Florida’s Declaration of Causes finds similar purchase for their reasons to leave the Union. John Brown is first cited as a terrible man who should be criminalized rather than lauded. Perhaps my personal favorite reason for leaving the Union, “A President has recently been elected, an obscure and illiterate man without experience in public affairs or any general reputation mainly if not exclusively on account of a settled and often proclaimed hostility to our institution and a fixed purpose to abolish them.” Florida’s main beef was about the official decision to not allow more slave states to join America. Their claim was that half the money and half the manpower that went into exploring and buying the new territory was Southern, so half the land gained should be pro-slavery. The Floridians feared that the nation was trying to smother slavery over time. Their final fear was that free Africans would be criminal and lazy.
What must be the condition of the slaves themselves when their number becomes so large that their labor will be of no value to their owners. Their natural tendency every where shown where the race has existed to idleness vagrancy and crime increased by an inability to procure subsistence. Can any thing be more impudently false than the pretense that this state of things is to be brought about from considerations of humanity to the slaves.
It is in so many words saying to you we will not burn you at the stake but we will torture you to a death by a slow fire that will not confiscate your property and consign you to a residence and equality with the african but that destiny certainly awaits your children – and you must quietly submit or we will force you to submission – men who can hesitate to resist such aggressions are slaves already and deserve their destiny
Find it here: http://www.civilwarcauses.org/florida-dec.htm
Georgia’s Declaration of Secession is likely the most comprehensive and explanatory of the documents. It begins with similar grievances to the prior declarations, citing denial of constitutional rights, denial of new slave states, the election of Lincoln and his Republican party (later in the Declaration called the anti-slavery party), and Congress’ willful ignorance of Georgia’s calls to fix these issues. What Georgia’s Declaration does that few others did is give a brief but nuanced argument about Constitutionality and economics. According to the Georgian Declaration, Northern and Middle businesses were being given huge concessions and monetary subsidies that were not being given to the South (things like fishermen getting $500,000 annually from the US Treasury and some $7,000,000 being used to improve infrastructure on the argument that the businesses were infant and there was a scarcity of labor in the North).
Furthermore, Georgia cited the Dred Scott Supreme Court case as a reason why the Fugitive Slave laws were legal. The Fugitive Slave laws stated that slaves who escaped over state borders would be given back to their owners, and that any person who willfully hindered or denied knowledge of the fugitive would be fined a hefty sum of money. In the 1850s, Dred Scott was a slave who was brought into the state of Illinois, a free state. He sued for his freedom and in a 7-2 ruling by the Supreme Court, was denied it. Georgia cited the decision as a reason why the free states were wrong to break free from the Fugitive Slave laws. Georgia makes the claim that they would never have joined the Union in the first place had the right to own slaves not been protected as it was, and by backing down on those protections, it was Georgia’s imperative to leave the Union.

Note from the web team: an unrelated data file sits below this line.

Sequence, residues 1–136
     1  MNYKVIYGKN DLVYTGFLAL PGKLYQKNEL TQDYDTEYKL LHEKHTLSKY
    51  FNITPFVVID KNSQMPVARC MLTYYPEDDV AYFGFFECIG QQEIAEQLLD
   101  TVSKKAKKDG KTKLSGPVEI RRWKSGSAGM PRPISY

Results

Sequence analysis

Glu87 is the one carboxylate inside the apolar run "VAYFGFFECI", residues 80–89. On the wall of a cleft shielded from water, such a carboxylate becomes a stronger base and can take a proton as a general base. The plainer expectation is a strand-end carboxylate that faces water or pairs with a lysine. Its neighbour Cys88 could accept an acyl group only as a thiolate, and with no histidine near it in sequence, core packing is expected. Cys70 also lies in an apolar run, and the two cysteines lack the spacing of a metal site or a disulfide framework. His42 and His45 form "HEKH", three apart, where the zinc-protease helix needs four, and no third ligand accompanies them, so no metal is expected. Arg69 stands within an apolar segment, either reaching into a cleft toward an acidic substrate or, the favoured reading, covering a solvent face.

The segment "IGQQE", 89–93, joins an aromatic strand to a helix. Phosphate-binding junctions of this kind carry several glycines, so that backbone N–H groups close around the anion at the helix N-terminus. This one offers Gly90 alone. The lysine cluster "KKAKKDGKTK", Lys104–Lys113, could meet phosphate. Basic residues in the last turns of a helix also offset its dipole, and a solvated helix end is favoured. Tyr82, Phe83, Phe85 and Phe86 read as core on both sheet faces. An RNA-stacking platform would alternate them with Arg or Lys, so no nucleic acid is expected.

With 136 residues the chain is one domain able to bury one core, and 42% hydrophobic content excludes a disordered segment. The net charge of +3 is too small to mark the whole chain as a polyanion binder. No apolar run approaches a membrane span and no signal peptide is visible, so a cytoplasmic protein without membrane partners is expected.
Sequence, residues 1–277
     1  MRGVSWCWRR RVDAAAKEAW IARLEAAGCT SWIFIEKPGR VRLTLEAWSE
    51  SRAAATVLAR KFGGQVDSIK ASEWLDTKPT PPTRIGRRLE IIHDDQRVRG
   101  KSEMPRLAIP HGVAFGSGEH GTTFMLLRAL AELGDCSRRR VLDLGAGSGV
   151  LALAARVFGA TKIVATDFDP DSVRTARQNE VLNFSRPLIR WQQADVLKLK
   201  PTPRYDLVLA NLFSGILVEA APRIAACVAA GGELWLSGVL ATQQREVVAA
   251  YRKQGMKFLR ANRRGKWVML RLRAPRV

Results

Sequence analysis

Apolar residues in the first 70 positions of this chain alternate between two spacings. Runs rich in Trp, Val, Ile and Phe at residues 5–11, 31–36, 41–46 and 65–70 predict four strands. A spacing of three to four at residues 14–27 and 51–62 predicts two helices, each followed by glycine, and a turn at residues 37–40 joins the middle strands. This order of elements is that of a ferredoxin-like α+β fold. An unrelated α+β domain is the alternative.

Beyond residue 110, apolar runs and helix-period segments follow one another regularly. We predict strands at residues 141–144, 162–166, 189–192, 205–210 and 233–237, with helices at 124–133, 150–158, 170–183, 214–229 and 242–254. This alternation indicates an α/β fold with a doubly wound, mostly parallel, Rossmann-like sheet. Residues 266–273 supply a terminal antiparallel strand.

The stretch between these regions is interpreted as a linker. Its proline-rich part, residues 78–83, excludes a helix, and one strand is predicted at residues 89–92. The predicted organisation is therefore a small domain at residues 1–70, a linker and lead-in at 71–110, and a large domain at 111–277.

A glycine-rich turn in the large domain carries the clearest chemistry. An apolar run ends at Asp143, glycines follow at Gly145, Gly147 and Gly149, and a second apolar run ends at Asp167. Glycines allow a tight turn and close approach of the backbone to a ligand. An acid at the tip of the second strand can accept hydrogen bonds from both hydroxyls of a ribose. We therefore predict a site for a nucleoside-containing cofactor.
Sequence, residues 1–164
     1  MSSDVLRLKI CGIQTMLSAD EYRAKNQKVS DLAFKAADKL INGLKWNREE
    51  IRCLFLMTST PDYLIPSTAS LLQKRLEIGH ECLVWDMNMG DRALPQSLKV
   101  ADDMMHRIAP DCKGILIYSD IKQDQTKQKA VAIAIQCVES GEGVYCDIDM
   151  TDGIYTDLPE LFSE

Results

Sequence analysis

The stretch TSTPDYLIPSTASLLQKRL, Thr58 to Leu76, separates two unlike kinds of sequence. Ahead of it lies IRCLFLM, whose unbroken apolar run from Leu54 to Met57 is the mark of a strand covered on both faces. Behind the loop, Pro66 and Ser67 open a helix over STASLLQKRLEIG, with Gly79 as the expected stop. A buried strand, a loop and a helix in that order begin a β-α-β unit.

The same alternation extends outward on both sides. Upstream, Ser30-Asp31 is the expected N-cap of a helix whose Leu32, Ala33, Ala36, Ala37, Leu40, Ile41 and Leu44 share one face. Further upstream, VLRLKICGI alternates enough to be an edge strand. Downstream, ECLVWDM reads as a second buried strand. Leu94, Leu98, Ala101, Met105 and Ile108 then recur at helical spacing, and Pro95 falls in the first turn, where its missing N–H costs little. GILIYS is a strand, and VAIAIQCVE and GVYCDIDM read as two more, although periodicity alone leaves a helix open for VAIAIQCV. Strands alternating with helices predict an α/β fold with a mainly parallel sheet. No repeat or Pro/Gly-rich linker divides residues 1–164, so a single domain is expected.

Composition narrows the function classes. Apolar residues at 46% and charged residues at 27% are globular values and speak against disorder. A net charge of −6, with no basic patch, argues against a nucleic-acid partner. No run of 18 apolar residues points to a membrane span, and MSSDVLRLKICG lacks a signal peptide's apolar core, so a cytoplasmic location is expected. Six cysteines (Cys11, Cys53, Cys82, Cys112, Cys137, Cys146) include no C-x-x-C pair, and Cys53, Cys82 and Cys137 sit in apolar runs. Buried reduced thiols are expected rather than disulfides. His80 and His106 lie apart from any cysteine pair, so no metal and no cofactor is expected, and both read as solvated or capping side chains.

Again, form your own opinions after reading the Declaration: http://www.civil-war.net/pages/georgia_declaration.asp
Texas abandoned her separate national existence and consented to become one of the Confederated Union to promote her welfare, insure domestic tranquility and secure more substantially the blessings of peace and liberty to her people. She was received into the confederacy with her own constitution, under the guarantee of the federal constitution and the compact of annexation, that she should enjoy these blessings. She was received as a commonwealth holding, maintaining and protecting the institution known as negro slavery – the servitude of the African to the white race within her limits – a relation that had existed from the first settlement of her wilderness by the white race, and which her people intended should exist in all future time.
The third paragraph of Texas’ Declaration of Secession explains much of their issue with the American Union. Slavery was not protected, and Texas joined up with slavery as a keystone to the deal. They also cite the issues with Mexican Banditti and Indian war parties that made incursions into the state as a reason for leaving the Union; predominantly because the Federal government did not reimburse Texas for expenses in fighting off invaders, forcing the state to pay for protection with its own money.
They have, through the mails and hired emissaries, sent seditious pamphlets and papers among us to stir up servile insurrection and bring blood and carnage to our firesides.
They have sent hired emissaries among us to burn our towns and distribute arms and poison to our slaves for the same purpose.
They have impoverished the slave holding States by unequal and partial legislation, thereby enriching themselves by draining our substance.
They have refused to vote appropriations for protecting Texas against ruthless savages (1865th word in the post!), for the sole reason that she is a slave-holding state.
While a fair amount more about the protection and payment of Texas, the Declaration is still unabashedly focused on Slavery as the primary reason for leaving the Union.
Read it: http://www.civil-war.net/pages/texas_declaration.asp
This is not something that should be up to debate. The Civil War was about Slavery, officially, on the record books, in the STATE CONGRESSIONAL statements; slavery caused the war. By no uncertain terms however, was it not about state rights. By 1860s standards, slavery was a right that was guaranteed to many states, and many states approached slavery in the same way one would approach interstate commerce legislation. When the Constitution was written, some states had a right to slavery and the right was slowly taken from them through policy and politics. It is however, a historical failing to equate a war over slavery with a war over state rights. Over time I will try to find the other 6 Declarations of Secession and see if all Southern states had similar reasoning, but in no uncertain terms, 5 states fought the “War of Northern Aggression” because they wanted to protect their right to own humans as chattel.